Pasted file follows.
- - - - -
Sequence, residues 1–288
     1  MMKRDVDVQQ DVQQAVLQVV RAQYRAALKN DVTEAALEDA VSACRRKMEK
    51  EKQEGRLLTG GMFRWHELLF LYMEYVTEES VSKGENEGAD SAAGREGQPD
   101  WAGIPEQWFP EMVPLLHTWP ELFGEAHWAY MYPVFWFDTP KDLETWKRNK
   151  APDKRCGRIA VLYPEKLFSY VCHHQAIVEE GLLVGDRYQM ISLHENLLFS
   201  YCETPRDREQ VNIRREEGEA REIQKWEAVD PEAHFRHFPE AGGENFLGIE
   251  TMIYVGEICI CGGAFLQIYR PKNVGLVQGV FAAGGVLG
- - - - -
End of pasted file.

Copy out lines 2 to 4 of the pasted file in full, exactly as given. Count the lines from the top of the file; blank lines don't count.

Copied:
     1  MMKRDVDVQQ DVQQAVLQVV RAQYRAALKN DVTEAALEDA VSACRRKMEK
    51  EKQEGRLLTG GMFRWHELLF LYMEYVTEES VSKGENEGAD SAAGREGQPD
   101  WAGIPEQWFP EMVPLLHTWP ELFGEAHWAY MYPVFWFDTP KDLETWKRNK